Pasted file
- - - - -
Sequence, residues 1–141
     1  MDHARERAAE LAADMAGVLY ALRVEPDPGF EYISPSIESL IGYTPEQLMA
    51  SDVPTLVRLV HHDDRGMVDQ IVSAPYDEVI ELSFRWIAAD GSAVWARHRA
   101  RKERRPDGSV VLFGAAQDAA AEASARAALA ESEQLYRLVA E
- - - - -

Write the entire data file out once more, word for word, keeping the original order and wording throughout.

Sequence, residues 1–141
     1  MDHARERAAE LAADMAGVLY ALRVEPDPGF EYISPSIESL IGYTPEQLMA
    51  SDVPTLVRLV HHDDRGMVDQ IVSAPYDEVI ELSFRWIAAD GSAVWARHRA
   101  RKERRPDGSV VLFGAAQDAA AEASARAALA ESEQLYRLVA E